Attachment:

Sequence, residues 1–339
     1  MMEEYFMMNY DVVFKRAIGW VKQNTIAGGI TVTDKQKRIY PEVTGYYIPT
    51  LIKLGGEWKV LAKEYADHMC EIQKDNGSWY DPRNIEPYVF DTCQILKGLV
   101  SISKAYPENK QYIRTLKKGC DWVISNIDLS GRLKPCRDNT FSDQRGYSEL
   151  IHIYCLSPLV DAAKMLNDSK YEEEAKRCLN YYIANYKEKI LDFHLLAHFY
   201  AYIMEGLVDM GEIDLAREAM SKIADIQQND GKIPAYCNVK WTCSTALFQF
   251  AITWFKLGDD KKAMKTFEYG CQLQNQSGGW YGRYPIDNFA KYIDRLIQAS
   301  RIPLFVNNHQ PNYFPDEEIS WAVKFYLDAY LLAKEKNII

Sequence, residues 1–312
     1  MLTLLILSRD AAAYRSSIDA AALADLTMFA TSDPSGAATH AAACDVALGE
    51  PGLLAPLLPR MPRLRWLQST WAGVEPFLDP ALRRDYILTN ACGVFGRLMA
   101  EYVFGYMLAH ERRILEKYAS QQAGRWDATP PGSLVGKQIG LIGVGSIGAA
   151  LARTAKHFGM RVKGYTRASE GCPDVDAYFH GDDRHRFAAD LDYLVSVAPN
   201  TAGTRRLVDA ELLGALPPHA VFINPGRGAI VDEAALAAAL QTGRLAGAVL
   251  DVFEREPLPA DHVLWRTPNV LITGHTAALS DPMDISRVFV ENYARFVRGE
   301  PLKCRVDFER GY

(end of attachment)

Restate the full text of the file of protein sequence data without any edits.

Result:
Sequence, residues 1–339
     1  MMEEYFMMNY DVVFKRAIGW VKQNTIAGGI TVTDKQKRIY PEVTGYYIPT
    51  LIKLGGEWKV LAKEYADHMC EIQKDNGSWY DPRNIEPYVF DTCQILKGLV
   101  SISKAYPENK QYIRTLKKGC DWVISNIDLS GRLKPCRDNT FSDQRGYSEL
   151  IHIYCLSPLV DAAKMLNDSK YEEEAKRCLN YYIANYKEKI LDFHLLAHFY
   201  AYIMEGLVDM GEIDLAREAM SKIADIQQND GKIPAYCNVK WTCSTALFQF
   251  AITWFKLGDD KKAMKTFEYG CQLQNQSGGW YGRYPIDNFA KYIDRLIQAS
   301  RIPLFVNNHQ PNYFPDEEIS WAVKFYLDAY LLAKEKNII

Sequence, residues 1–312
     1  MLTLLILSRD AAAYRSSIDA AALADLTMFA TSDPSGAATH AAACDVALGE
    51  PGLLAPLLPR MPRLRWLQST WAGVEPFLDP ALRRDYILTN ACGVFGRLMA
   101  EYVFGYMLAH ERRILEKYAS QQAGRWDATP PGSLVGKQIG LIGVGSIGAA
   151  LARTAKHFGM RVKGYTRASE GCPDVDAYFH GDDRHRFAAD LDYLVSVAPN
   201  TAGTRRLVDA ELLGALPPHA VFINPGRGAI VDEAALAAAL QTGRLAGAVL
   251  DVFEREPLPA DHVLWRTPNV LITGHTAALS DPMDISRVFV ENYARFVRGE
   301  PLKCRVDFER GY